Computer Science as a discipline has a dichotomy in its focus. Half of the
material is theoretical while the other half is practical application. Because
this dichotomy can exist within even a single course, one of the most important
jobs for any teacher of Computer Science is to bridge this gap. It is much too
easy to lose a practically-oriented student while investigating the technical or
mathematical background of a topic. Despite the seemingly huge disparity in the
types of learning that these two aspects require, neither the theoretical nor
the practical exist in a vacuum. They each drive the other, and it is most
satisfying when as a teacher I can help students see the mutual influence, and
thus gain a fuller understanding than just knowing either aspect alone.
As an instructor, I see my main purpose as being a resource to help solve
problems and emphasize the application of the theoretical, while not losing
sight of the higher-level concepts. Problem solving, both in the pedagogical
sense, and in the sense of fixing the inevitable bugs associated with computer
programming, is a skill that can benefit anyone. I see it as imperative that I
not only show where problems may arise and how to prevent them, but also to
teach students how to solve them on their own. There is no shortage of problems
in Computer Science or in real life. Problem solving when applied to why a car
will not start is no different than when applied to why a program will not run
correctly. There is a logical process to investigate problems, and the students
who internalize this process should succeed better in Computer Science and
hopefully in life as well. It is my job to make this process evident and to
instill its value and utility.
To ground and unite concepts, my lectures often start with a theoretical
description of the new topic or problem to solve, followed by guided class
participation attempting to construct a solution. With several solutions
proposed, we then examine the tradeoffs that may make a certain approach better
than another. These new concepts are put into practice through weekly labs,
usually done in recitations. Quizzes, tests, and take-home projects review the
learning progress made and serve to tie larger concepts together.
One of the main benefits of being a teacher while still a student is that I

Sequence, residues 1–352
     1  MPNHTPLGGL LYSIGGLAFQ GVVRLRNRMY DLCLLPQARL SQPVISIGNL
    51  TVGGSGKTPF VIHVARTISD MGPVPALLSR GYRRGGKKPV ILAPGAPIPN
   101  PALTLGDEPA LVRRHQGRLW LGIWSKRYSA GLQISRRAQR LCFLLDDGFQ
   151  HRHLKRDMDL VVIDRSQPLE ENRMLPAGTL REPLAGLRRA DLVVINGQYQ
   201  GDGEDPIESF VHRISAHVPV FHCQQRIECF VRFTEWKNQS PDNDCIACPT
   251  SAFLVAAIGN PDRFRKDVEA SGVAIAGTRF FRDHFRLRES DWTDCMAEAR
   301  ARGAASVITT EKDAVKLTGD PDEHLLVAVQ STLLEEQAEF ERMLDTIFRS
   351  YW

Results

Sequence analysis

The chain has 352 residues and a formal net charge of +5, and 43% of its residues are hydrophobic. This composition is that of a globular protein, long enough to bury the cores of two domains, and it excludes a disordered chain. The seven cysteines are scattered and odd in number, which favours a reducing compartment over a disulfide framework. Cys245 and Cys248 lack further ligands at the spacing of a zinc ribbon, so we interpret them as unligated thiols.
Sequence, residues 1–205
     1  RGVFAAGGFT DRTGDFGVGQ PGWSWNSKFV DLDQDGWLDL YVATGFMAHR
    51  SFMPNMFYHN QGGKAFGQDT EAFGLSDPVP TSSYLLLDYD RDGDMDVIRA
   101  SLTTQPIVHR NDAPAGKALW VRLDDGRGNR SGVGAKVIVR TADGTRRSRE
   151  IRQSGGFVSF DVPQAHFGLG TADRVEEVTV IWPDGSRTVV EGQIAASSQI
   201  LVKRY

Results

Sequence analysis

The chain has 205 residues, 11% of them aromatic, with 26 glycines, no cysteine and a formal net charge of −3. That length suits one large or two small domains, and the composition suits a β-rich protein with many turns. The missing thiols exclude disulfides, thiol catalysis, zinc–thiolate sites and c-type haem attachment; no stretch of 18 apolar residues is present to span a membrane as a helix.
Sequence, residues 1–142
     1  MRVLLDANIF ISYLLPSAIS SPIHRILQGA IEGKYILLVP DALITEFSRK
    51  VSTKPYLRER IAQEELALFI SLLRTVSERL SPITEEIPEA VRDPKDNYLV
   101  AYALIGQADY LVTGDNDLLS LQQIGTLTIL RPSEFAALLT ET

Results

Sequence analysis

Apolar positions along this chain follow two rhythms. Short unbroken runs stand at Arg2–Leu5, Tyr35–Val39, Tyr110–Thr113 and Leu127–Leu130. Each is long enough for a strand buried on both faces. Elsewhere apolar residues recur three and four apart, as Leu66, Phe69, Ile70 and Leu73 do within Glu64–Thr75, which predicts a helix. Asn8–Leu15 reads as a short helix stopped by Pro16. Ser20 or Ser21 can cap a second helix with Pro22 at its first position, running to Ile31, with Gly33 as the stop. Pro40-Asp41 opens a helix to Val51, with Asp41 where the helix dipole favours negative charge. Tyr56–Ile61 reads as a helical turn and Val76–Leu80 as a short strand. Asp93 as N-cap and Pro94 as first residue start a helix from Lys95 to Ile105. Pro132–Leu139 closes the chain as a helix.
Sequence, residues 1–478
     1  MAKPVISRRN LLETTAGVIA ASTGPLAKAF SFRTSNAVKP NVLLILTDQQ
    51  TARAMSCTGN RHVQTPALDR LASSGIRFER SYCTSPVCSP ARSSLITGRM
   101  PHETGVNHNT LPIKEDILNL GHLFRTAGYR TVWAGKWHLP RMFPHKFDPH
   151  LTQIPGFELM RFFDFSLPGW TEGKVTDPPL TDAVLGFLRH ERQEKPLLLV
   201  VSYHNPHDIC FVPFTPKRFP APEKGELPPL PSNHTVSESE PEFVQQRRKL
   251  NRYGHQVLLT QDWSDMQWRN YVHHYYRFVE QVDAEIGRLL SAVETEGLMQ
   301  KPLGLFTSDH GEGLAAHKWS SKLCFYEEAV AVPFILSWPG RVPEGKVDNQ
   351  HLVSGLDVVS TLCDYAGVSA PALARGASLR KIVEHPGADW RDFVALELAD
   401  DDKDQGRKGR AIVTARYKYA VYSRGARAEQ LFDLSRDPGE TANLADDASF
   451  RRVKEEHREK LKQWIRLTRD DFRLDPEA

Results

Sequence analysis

remember those aspects of teaching that have been most successful for me. My
teaching reflects those teachers who have had the most influence upon my own
education, and there seems no better way to reach my own students than to
emulate their strengths and combine them with my own personal style.
As a teacher, I represent more than an opportunity to get a good grade. I strive
to help all students gain a passion for Computer Science and learning in
general, one that I myself have and attempt to demonstrate in both my teaching
and my outside projects. There is a wealth of knowledge and understanding to be
gained both about computers and life, much of which is to be gained outside of
school. If I succeed in inspiring my students, they will learn on their own how
to be better Computer Scientists.
Figure 1: Teaching evaluation scores over time. The left graph is for
teaching independently. The right graph illustrates improvement in CS 0007 over
During my experience as a graduate student, I have taught four different courses
over eight semesters, and have also been a teaching assistant covering a
recitation for two more semesters. Most of my experience as an instructor has
been for service courses where I am introducing programming to students with
little or no Computer Science background. The left graph in Figure
1 shows my Overall Teaching Effectiveness as anonymously reported
during the University administered survey. The overall trend shows that I have
improved with experience, and I feel I have learned as much from my students
about teaching as I have hopefully taught them about Computer Science. The right
graph in Figure 1 demonstrates my improvement across several terms
of teaching the same class.
The majority of my teaching experience comes from two classes: CS 0007 -
Introduction to Java Programming (4 sections) and CS 0132 -
Programming in C and a Guide to UNIX (2 sections.) CS 0007 is geared
towards freshmen who did not take any programming courses in high school. The
class begins with a description of computers and how to write algorithms to